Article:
The Herb Reed case has since left many trademark litigation practitioners (at least those practicing in the Ninth Circuit), after years of being able to obtain preliminary injunctions based on a showing strong showing of likelihood of confusion and the presumption of irreparable harm thereby, now trying to figure out what type of actual “evidence” can be shown to overcome this threshold of demonstrating a likelihood of irreparable harm and having to inform some trademark clients that a preliminary injunction might not be as easily obtainable for trademark infringement as it once was.
Hakkasan had filed a cybersquatting lawsuit against Defendant Miller for his registration of the domain names domain names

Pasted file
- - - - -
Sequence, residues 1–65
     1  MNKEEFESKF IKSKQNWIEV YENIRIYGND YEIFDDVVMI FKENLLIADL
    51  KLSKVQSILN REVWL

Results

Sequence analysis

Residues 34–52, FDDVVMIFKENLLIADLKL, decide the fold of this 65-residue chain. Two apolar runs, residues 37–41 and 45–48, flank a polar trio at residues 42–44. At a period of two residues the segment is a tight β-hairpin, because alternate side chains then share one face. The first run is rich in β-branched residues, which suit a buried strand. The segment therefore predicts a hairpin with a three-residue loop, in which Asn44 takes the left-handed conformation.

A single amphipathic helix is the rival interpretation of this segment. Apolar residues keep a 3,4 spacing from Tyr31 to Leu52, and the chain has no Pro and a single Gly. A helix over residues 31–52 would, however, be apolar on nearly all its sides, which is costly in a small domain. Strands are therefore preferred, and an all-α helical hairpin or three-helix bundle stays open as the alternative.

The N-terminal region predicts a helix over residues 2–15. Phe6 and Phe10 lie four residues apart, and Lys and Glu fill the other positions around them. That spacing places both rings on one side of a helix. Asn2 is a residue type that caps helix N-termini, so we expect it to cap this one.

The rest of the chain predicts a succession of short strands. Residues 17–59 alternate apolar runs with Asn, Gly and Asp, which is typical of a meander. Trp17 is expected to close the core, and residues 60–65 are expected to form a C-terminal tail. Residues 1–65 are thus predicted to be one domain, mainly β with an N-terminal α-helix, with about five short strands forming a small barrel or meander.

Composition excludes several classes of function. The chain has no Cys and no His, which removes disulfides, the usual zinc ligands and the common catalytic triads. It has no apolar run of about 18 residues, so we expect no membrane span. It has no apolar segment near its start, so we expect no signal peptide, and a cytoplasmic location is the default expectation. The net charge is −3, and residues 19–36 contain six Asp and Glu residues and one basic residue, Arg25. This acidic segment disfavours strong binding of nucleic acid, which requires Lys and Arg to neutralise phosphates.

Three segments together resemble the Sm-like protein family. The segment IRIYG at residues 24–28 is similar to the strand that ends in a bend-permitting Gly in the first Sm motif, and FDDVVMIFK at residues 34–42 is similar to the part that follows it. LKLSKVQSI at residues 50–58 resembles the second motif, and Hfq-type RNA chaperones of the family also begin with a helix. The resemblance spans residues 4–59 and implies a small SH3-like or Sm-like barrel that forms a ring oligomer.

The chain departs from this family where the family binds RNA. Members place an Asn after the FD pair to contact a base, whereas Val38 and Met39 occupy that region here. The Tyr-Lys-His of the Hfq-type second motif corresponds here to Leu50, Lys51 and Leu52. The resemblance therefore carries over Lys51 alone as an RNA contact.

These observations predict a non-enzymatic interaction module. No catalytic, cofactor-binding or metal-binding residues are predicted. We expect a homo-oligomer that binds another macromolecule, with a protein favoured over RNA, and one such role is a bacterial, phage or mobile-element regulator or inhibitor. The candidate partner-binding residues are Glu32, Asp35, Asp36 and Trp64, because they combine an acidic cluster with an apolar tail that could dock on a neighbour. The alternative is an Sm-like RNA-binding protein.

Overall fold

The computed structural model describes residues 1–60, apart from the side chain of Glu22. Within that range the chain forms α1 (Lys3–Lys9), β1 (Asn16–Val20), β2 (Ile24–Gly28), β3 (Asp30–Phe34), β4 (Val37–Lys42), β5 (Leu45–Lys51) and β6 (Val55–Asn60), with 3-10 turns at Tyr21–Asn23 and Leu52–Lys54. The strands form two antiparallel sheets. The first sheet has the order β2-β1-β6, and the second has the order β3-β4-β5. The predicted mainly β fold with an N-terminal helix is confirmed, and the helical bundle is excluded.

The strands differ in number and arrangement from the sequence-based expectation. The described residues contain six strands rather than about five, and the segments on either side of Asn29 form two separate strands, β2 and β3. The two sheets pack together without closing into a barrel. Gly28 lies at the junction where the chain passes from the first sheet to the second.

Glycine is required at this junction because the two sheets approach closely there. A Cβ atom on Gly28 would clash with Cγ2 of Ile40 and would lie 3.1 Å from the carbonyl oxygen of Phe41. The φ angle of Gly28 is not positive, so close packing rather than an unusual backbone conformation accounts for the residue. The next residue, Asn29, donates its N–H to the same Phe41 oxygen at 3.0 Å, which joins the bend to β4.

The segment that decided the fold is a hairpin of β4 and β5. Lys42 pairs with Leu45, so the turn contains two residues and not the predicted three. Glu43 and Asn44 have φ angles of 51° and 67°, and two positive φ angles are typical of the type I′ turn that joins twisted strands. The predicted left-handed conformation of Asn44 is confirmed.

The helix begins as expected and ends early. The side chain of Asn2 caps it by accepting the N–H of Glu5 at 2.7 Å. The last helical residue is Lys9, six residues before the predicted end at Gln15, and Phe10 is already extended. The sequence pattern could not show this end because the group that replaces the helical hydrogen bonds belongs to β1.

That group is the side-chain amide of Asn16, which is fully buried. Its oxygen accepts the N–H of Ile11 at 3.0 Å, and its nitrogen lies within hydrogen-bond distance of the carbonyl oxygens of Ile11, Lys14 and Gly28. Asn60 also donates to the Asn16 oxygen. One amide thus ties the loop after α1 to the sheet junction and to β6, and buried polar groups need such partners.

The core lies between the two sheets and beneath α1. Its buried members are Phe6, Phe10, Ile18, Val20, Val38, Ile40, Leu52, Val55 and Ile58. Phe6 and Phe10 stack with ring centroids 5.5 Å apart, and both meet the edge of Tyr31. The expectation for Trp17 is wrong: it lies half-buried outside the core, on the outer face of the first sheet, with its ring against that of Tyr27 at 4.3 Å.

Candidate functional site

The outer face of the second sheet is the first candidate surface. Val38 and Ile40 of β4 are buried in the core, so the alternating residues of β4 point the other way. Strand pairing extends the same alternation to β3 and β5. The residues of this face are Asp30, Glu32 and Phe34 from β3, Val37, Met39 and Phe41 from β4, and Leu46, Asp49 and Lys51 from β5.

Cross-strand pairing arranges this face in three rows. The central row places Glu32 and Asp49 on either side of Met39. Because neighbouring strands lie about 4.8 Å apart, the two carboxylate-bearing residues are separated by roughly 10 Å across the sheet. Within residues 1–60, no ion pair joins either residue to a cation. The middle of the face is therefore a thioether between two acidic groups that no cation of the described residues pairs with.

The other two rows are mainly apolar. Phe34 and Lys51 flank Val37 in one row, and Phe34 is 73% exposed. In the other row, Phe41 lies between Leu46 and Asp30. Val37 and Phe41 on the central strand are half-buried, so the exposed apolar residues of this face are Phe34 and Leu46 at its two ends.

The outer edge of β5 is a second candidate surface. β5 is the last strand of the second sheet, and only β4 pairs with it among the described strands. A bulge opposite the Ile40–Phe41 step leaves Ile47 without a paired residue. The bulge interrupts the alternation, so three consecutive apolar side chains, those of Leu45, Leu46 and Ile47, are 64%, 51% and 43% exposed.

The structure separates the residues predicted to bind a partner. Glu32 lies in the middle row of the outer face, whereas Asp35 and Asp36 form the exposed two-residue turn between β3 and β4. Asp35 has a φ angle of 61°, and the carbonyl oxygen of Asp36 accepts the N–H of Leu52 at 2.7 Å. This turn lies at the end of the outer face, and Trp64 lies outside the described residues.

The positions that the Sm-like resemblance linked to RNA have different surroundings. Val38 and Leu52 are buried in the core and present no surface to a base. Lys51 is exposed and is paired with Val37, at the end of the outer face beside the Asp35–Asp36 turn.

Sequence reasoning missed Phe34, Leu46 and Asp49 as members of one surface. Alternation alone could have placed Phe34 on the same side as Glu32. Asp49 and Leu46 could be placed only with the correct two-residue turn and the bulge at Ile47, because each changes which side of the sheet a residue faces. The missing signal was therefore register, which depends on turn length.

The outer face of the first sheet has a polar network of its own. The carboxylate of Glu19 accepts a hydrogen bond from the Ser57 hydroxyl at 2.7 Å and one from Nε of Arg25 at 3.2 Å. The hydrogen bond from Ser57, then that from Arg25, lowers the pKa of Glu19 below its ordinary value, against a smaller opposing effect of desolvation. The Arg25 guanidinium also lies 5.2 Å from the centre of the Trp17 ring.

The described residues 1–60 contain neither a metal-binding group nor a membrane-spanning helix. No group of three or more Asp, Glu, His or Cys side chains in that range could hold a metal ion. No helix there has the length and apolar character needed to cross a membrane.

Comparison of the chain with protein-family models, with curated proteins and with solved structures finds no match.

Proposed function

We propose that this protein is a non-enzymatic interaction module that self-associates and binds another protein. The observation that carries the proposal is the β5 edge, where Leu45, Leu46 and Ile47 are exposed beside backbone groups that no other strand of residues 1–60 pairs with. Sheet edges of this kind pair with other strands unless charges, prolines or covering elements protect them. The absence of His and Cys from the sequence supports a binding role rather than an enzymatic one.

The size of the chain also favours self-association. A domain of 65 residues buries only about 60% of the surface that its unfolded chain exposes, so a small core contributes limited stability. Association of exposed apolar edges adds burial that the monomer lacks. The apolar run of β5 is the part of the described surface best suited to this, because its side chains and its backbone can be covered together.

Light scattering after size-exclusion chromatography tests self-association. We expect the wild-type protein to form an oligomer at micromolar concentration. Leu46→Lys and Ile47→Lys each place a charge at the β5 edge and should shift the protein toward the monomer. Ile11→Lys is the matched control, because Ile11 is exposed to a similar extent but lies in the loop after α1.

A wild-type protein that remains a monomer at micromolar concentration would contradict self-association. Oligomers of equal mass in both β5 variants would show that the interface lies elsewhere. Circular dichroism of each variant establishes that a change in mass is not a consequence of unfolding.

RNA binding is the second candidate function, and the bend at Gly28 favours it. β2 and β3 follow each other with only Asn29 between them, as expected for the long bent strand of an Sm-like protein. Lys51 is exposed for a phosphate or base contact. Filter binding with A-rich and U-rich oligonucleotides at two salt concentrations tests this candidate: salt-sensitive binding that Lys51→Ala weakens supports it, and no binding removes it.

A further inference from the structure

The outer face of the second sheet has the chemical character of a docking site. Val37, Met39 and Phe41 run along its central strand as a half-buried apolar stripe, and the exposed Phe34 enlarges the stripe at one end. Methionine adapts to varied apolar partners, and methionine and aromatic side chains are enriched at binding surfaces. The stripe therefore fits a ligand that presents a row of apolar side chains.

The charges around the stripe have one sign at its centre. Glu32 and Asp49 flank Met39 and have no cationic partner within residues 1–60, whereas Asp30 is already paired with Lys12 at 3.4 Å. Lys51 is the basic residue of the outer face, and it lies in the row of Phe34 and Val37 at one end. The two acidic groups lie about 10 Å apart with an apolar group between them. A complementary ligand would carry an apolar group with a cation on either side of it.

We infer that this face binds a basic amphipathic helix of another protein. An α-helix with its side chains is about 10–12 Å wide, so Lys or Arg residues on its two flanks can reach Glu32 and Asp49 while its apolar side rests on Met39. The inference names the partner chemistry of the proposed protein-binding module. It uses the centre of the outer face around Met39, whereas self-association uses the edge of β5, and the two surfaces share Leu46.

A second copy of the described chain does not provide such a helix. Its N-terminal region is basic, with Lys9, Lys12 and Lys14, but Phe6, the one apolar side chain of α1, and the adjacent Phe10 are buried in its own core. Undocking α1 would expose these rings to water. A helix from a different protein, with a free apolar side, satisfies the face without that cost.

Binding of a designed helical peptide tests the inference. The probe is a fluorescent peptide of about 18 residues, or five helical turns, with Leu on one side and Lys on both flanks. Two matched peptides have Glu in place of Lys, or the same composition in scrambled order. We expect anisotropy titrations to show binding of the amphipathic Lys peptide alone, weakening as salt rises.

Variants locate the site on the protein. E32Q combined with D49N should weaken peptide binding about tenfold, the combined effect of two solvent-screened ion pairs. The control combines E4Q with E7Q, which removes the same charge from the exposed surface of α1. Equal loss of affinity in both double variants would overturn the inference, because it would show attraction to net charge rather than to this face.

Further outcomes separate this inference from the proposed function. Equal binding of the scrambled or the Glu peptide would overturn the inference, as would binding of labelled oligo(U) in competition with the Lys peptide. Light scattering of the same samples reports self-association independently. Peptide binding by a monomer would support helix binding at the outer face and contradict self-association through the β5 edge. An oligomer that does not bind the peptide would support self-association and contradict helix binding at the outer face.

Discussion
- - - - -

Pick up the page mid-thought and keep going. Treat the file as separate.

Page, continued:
no indication that Miller has sold any of the domain names, partnered with any other person, or constructed a website designed to create confusion with Hakkasan’s business, siphon customers from Hakkasan’s business, or otherwise cause Hakkasan irreparable harm. Speculation of what Miller will do with the domain names is hardly enough to bridge the legal gap between Miller’s actions and Hakkasan’s irreparable injury. Instead, these are the sorts of “platitudes” that the Herb Reed court warned may show harm Hakkasan might suffer, but not harm a party seeking injunctive relief is likely to suffer
Accordingly, because Hakkasan had failed to demonstrate a likelihood of irreparable harm, the Court denied both Hakkasan’s Application for Temporary Restraining Order and Motion for Preliminary Injunction.